The news media was not too sharp and did not know that Wayne worked for me. There were stories on the front page of our local paper and it was the lead story on the local newscasts for about four nights. Not once did anybody contact me and I was very grateful for that oversight.
I quietly attended Wayne's funeral at Arlene's church along with 300 members of the Coast Guard.
The next day, as I was cleaning out Wayne's desk and shipping his briefcase to his son, it all sank in. My secretary became so upset that she quit and virtually so did Bill. My brother came to fill in, but that did not help much.
Wayne sold; I mean I sold the two hotels that I mentioned, along with quite a few other things that Wayne was working on. The business continued for two and a half years until we sold it. I was depressed; I could not see any good coming out of the loss of my friend and partner. It took me a long time to realize that it is not that important for me to understand. God was still in control and loved me; that was all I really needed to know.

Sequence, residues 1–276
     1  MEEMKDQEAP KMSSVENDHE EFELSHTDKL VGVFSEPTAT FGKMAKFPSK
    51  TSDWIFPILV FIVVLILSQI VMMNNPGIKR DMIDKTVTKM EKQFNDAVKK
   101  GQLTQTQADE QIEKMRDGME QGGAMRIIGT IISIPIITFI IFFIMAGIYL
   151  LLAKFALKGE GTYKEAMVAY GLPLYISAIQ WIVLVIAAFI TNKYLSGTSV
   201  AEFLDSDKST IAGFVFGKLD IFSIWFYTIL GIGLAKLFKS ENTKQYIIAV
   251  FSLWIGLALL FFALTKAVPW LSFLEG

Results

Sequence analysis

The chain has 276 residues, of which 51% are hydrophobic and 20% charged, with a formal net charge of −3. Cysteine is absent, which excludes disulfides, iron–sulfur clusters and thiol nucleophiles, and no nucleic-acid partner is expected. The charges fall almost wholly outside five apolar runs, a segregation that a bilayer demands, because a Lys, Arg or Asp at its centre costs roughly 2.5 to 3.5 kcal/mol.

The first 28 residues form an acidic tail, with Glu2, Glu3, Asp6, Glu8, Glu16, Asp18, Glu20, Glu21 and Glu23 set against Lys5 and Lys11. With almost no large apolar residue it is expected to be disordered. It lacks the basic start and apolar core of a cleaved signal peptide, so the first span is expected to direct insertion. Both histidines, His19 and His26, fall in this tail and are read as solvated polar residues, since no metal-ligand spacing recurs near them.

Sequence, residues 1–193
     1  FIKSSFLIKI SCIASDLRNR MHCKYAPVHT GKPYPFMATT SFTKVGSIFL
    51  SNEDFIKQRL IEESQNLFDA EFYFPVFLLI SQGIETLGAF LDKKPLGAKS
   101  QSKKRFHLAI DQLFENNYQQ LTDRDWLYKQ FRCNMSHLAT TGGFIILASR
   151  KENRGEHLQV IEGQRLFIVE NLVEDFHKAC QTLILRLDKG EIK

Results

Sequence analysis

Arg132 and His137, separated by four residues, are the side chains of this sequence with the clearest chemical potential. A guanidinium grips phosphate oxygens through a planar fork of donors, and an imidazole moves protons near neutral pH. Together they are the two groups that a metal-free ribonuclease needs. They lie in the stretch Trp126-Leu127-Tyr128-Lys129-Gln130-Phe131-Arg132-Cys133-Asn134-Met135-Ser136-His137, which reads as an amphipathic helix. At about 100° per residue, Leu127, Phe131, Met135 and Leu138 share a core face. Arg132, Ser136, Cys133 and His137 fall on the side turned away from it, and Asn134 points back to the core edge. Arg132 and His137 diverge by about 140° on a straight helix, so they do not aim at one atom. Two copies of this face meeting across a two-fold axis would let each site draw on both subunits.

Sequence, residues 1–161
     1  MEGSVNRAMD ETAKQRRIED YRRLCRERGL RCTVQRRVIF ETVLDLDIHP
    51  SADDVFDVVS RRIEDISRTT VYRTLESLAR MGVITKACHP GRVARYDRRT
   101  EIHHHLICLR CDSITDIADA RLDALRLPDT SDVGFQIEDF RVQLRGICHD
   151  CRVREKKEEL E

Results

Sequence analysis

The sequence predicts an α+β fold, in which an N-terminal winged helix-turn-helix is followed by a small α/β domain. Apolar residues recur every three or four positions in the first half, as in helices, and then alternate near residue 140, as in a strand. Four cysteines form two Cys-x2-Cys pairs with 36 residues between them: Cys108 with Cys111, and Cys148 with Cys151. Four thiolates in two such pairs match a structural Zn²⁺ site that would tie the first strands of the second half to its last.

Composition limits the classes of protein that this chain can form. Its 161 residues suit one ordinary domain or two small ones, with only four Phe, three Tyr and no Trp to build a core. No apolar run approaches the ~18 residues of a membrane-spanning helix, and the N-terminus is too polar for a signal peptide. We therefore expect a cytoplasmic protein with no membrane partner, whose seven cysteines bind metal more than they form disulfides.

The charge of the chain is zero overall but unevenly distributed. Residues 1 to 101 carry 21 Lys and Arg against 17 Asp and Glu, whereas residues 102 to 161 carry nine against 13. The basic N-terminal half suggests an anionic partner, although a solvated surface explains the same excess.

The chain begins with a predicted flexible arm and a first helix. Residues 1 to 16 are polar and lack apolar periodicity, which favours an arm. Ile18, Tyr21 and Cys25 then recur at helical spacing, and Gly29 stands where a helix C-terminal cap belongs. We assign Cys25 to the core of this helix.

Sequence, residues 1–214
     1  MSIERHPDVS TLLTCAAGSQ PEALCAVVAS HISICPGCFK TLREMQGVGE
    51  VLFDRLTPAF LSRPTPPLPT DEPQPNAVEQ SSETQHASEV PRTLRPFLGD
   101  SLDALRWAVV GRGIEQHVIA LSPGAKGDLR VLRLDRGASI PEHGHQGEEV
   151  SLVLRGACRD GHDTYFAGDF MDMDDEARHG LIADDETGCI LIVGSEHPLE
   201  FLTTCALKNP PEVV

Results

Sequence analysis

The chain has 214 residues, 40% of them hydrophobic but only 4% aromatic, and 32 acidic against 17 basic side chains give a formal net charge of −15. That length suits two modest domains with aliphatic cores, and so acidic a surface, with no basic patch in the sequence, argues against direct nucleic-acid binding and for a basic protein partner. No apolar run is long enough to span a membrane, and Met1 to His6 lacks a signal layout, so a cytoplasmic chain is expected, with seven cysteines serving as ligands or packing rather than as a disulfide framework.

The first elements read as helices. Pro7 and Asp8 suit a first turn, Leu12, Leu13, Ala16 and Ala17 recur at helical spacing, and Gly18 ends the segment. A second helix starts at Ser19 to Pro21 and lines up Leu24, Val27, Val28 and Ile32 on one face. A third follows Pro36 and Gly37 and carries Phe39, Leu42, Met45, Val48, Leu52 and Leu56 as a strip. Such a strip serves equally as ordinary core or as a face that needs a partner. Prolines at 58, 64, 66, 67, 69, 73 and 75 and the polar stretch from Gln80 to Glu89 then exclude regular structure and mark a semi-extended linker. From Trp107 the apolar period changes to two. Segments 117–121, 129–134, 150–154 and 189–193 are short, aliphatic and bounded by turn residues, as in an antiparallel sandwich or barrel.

In May of 1985 I almost lost my newborn son and my wife and it was the strength that I received from going through Wayne's death that sustained me and helped me to pray. They both survived.
Wayne is still someone that I think about a lot. Some time ago I found the worn-out and faded Polaroid of the three of us at the trade show. Every now and then it does me some good to look at Wayne's smiling bearded face, looking sharp in his red bow tie.
By the way, Diane and I now own a successful communications company that we started in 1991. My first two customers were the same two hotels that Wayne would have sold. Life went and still goes on.